3. Mary Magdalene wasn’t a prostitute

Imagine if you played a prominent role in Christ’s ministry. Even better, imagine that it was you he chose to reveal himself to after his resurrection. But every time you’re mentioned for millennia afterward, you’re referred to as “the former prostitute”—even though you never were. That would seriously suck.

If Mary Magdalene is among our great cloud of witnesses, she has to be so friggin annoyed by now.

Magdalene is mentioned about a dozen times in the New Testament. And if any biblical character passes the Bechdel test, it’s her. She doesn’t exist in the New Testament as someone’s mother, sister, or wife. She’s just Mary from Magdala—a prominent follower of Jesus. And when the disciples all scatter after the crucifixion, she’s there, still faithfully tending to him.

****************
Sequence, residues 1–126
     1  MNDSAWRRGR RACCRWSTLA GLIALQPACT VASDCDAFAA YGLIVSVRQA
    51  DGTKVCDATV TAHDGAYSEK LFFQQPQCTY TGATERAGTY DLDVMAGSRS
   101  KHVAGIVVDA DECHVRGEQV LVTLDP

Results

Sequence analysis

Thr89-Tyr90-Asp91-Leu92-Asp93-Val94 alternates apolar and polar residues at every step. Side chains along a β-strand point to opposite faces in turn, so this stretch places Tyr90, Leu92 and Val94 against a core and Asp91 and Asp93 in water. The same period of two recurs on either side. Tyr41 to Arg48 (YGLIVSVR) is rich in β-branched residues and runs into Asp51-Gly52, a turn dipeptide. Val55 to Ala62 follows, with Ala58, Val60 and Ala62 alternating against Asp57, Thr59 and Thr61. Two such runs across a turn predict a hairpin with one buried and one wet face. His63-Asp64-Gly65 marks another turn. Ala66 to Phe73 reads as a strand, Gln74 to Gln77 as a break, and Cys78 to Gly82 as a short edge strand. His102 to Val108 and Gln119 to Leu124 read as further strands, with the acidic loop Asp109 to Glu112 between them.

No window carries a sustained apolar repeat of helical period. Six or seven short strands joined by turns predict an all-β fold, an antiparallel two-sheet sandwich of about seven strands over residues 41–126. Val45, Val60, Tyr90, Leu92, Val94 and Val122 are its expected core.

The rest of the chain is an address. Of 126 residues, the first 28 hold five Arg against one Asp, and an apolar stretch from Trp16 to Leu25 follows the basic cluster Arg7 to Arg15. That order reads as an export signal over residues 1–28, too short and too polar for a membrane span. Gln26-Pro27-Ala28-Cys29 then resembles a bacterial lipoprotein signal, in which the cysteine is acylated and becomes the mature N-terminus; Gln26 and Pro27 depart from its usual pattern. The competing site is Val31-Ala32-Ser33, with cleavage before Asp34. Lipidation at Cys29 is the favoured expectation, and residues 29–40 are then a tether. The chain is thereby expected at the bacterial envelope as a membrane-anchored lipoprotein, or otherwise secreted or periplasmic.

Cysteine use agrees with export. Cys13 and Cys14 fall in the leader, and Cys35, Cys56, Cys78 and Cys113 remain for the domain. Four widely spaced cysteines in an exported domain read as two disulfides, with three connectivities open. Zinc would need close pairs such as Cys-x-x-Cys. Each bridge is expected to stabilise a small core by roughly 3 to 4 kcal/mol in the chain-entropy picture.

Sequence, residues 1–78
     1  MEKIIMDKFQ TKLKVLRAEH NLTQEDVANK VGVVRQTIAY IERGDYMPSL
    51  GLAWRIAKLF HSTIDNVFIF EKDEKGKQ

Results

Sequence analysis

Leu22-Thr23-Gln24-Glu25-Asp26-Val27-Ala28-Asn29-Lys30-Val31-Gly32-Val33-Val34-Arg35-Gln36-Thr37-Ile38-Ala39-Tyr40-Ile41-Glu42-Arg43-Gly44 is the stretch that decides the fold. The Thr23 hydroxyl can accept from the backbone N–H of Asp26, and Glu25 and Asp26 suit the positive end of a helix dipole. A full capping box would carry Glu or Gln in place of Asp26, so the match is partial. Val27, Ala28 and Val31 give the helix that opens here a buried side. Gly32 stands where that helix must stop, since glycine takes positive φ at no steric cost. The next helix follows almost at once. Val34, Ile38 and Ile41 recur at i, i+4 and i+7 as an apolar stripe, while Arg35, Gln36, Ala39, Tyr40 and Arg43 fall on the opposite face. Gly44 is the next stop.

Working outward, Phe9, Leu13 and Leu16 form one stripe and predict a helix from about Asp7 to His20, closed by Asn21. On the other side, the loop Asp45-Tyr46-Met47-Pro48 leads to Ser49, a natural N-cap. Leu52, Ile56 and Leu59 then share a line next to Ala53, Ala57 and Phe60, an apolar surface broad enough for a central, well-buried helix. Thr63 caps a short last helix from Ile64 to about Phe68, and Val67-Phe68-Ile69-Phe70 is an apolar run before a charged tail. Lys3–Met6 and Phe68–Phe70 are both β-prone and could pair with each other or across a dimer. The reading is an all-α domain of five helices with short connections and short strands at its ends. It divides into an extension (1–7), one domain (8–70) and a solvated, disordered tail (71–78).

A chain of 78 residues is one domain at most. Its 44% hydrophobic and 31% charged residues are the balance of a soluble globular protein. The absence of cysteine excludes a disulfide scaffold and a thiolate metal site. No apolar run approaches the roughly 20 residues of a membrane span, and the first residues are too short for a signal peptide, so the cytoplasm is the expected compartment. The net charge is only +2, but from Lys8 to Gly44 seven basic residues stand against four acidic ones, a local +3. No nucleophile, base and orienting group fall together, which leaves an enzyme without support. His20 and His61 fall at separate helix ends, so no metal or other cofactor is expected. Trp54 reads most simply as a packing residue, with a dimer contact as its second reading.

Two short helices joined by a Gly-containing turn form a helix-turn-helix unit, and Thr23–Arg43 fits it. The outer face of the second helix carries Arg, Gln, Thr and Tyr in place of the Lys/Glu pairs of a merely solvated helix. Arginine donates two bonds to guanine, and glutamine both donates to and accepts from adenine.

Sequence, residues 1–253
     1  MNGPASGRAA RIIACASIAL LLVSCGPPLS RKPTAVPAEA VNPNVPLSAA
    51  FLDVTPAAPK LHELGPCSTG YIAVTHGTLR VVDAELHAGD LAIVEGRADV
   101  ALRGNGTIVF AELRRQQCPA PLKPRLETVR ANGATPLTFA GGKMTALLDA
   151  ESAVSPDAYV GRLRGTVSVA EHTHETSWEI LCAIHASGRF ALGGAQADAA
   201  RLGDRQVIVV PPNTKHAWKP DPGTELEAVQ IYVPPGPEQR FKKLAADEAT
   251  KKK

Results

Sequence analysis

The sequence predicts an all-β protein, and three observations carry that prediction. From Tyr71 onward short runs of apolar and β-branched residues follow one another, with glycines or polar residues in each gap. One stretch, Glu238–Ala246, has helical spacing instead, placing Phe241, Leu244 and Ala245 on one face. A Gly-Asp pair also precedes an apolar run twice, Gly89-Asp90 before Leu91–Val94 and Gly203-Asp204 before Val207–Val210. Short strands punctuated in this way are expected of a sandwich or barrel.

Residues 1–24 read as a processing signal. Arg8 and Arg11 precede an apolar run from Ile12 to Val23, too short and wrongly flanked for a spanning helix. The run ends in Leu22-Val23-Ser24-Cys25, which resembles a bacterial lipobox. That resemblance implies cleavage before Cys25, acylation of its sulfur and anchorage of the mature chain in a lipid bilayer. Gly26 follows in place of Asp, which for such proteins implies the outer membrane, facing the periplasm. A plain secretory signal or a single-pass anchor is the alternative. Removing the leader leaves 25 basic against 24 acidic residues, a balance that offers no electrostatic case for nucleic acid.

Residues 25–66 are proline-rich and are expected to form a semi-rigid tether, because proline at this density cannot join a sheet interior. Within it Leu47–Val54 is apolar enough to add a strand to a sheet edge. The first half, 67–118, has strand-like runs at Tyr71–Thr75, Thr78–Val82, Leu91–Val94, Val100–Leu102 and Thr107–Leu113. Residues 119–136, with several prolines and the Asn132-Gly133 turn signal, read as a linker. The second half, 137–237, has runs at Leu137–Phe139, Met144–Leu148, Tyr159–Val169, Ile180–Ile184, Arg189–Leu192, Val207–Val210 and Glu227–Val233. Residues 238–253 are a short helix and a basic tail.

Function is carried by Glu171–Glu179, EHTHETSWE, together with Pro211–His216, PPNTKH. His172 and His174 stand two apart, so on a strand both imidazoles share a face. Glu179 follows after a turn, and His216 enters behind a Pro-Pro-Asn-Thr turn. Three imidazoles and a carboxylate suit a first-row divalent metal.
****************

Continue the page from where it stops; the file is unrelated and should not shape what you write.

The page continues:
It seems that Mary has become associated with the woman in Luke 7 who washes Jesus’ feet with her hair. And this association has stuck even though it never identifies this woman as Mary or even identifies the woman as a prostitute.

The connection gets made when people confuse Mary of Bethany (the sister of Lazarus) with Magdalene. Mary of Bethany also anoints Jesus’ feet with oil (and her hair) in John 12. Maybe the fact that Mary of Magdala also carries perfume to anoint Jesus’ dead body makes her guilty by association?